The Great Central-Banking Experiment: Will Unlimited Cash Solve Problems or Cause Them?


The Bank of Japan folded as easily as a hot slice of New York pizza. After a few weeks of pounding by newly installed Prime Minister Shinzo Abe, the BOJ’s (officially independent) managers capitulated on Jan. 22 to his demands that the central bank hike its inflation target to 2% (from 1%) and undertake the necessary monetary easing to meet that target. That means the BOJ will keep printing cash until Japanese deflation is reversed. “One can say that it marks a ‘regime change’ in managing macroeconomic policy,” a victorious Abe declared.

A regime change it is, and it isn’t just taking place in Japan. With the BOJ’s surrender, all three of the world’s major central banks have committed themselves to open-ended, cash-pumping programs to stimulate economies and protect financial stability. The Federal Reserve has pledged to keep easing until the U.S. job market improves. And in September, the European Central Bank promised to purchase unlimited amounts of certain government bonds for any troubled country that signs up to a reform program — a move ECB President Mario Draghi took to help quell the euro zone’s debt crisis. These moves, of course, are on top of the already generous policies the three banks have implemented since the 2008 Lehman Brothers collapse.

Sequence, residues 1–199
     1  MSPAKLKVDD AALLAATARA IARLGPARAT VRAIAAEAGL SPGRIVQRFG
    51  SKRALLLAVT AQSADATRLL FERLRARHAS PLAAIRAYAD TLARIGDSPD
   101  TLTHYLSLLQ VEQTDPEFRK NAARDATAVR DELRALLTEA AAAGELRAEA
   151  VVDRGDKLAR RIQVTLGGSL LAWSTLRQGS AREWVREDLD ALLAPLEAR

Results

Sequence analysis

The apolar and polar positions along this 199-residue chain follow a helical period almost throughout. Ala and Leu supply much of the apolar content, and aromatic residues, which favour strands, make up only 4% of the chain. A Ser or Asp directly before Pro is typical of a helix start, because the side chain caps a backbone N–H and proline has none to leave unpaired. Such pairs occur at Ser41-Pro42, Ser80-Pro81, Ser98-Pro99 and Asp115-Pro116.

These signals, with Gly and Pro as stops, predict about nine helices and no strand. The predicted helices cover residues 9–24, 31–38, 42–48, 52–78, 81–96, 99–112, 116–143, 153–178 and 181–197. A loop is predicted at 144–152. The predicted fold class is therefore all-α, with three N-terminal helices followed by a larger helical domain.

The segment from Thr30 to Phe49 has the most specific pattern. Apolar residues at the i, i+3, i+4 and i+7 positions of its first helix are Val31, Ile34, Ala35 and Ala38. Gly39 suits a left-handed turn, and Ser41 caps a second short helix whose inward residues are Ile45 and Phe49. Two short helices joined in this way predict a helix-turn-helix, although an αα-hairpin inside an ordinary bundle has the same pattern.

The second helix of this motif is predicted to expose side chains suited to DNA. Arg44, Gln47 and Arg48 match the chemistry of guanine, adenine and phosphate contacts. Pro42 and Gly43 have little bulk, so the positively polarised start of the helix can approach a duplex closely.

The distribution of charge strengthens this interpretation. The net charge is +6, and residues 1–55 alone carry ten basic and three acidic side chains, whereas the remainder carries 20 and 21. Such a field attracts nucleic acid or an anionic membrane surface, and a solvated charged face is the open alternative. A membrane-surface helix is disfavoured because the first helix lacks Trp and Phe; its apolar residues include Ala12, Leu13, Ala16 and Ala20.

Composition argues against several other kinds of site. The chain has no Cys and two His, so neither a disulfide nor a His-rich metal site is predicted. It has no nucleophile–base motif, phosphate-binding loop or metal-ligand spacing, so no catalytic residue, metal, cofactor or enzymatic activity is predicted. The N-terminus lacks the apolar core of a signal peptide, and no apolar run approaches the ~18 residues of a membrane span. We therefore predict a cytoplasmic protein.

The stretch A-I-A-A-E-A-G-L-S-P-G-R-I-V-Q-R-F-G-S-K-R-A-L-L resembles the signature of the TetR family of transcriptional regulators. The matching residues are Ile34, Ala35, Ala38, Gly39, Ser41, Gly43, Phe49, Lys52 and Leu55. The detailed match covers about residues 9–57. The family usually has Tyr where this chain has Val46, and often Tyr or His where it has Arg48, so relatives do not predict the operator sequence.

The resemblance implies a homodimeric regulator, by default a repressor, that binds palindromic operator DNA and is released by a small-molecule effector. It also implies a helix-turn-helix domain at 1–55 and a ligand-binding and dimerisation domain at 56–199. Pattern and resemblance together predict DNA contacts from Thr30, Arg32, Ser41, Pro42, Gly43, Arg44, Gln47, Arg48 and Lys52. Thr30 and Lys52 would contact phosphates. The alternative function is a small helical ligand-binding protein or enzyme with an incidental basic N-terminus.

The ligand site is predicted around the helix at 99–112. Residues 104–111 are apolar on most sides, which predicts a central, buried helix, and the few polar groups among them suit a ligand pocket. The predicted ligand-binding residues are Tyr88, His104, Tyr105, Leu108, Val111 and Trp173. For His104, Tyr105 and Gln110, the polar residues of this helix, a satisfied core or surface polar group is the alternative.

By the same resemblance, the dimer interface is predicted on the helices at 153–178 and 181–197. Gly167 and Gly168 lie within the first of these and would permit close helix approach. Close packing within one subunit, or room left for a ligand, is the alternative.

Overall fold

We’re in uncharted territory for monetary policy here, folks. Never before have the world’s most important central banks engaged in this sort of limitless largesse. If you don’t believe me, believe William White, chairman of the Economic Development and Review Committee at the OECD in Paris. Central banks “have embarked upon one of the greatest economic experiments of all time,” White wrote last year. “The size and global scope of these discretionary policies makes them historically unprecedented.”

(MORE: Will Japan’s New Prime Minister Start a Debt Crisis?)

Whether these experiments in supereasy money are wise or not, well, that’s another matter. The classical economist in me immediately hears sirens go off. Money is like any other commodity — the more of it there is, the less it is worth. At some point, the deluge of cash could create a tsunami of inflation. Prices of assets could get distorted, blowing up more bubbles that can pop and crash economies.

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